In the developed world, the Internet has changed our lives in a way that nothing else has, or probably ever will, but there are many parts of the world where this vast wealth of information and resources isn’t accessible. This is where a startup known as Outernet believes it can be of assistance. Using rented communications satellites, Outernet is already bringing the Internet to half of the planet’s surface, but not the entirety of the Internet, just the resources that can prove useful to people in less developed nations, such as Wikipedia.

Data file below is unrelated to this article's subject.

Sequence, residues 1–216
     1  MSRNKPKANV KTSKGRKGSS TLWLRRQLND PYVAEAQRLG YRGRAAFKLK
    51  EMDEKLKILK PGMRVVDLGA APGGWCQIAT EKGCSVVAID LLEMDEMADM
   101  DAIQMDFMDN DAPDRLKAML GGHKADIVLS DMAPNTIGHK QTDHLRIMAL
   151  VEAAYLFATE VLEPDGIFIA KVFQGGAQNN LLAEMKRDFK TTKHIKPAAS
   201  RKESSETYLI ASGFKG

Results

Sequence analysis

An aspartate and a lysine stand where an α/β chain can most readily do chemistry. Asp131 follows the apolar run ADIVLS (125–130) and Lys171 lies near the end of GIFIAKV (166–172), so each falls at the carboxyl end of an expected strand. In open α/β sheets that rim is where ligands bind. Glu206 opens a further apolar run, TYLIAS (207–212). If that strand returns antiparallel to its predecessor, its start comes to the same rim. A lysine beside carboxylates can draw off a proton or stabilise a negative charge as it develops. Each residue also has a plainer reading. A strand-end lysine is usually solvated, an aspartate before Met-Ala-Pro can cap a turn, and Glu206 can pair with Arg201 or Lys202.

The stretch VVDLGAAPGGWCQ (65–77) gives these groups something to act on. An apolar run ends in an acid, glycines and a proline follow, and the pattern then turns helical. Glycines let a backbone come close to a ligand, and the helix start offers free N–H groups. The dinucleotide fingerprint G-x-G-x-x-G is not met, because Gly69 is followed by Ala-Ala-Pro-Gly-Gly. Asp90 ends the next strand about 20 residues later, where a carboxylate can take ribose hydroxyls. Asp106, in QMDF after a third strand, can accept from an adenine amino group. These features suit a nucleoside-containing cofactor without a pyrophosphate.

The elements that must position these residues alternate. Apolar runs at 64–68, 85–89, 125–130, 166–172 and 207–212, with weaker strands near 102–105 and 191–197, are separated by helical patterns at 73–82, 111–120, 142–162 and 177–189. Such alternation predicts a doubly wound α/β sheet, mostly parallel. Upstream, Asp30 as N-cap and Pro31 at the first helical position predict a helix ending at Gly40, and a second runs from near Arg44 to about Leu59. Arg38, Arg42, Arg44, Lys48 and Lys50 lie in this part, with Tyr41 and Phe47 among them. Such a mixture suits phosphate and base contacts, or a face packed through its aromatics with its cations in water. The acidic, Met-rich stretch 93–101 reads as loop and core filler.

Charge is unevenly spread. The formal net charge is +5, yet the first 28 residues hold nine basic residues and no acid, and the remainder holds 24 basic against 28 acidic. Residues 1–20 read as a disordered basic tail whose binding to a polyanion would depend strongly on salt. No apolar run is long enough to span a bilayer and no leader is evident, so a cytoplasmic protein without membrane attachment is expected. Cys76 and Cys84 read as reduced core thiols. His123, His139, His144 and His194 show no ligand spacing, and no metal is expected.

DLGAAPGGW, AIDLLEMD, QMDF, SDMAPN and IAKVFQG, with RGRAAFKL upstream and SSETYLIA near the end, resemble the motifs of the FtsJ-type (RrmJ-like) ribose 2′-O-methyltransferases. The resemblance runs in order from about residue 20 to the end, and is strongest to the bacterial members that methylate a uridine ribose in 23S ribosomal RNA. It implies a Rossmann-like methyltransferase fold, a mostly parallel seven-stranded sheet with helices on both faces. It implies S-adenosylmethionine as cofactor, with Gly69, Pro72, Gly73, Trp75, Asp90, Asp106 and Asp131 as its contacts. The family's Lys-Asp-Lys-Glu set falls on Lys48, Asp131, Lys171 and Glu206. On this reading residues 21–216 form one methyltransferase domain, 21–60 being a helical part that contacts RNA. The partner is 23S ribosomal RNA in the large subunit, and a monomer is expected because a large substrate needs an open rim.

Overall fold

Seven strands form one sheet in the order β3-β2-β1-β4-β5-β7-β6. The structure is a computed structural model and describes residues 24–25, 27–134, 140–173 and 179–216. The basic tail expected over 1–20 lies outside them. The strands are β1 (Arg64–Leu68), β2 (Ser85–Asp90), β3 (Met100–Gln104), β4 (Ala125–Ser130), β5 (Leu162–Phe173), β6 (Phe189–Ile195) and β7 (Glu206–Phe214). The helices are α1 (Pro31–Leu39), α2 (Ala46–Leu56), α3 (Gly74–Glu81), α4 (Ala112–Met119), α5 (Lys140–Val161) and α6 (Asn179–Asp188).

What do you get if you cross a satellite TV receiver with the Internet? According to startup Outernet, a way to bring billions more people the benefit of online information. By renting communications satellites, Outernet is currently blanketing about half Earth’s surface with a signal that transmits data including much of Wikipedia, open-source software, health resources from the Centers for Disease Control, and international news coverage. Cheap devices based on regular satellite TV receivers store the data that the signal gradually transfers and create a local Wi-Fi network to let nearby computers, phones, or tablets access the downloaded content. Outernet is putting together the first 100 prototypes of those devices, code-named “Pillars,” and starting to test them in the field. One is up and running in a village in western Kenya. Another is in the Dominican Republic, and a third will soon be installed at a Detroit anarchist community attempting to live off the grid. Outernet’s current signal broadcasts about 200 megabytes of data over the course of a day, making it possible to update content such as daily news and weather forecasts periodically. It covers North and Central America, all of sub-Saharan Africa, Europe, and parts of Asia and the Middle East.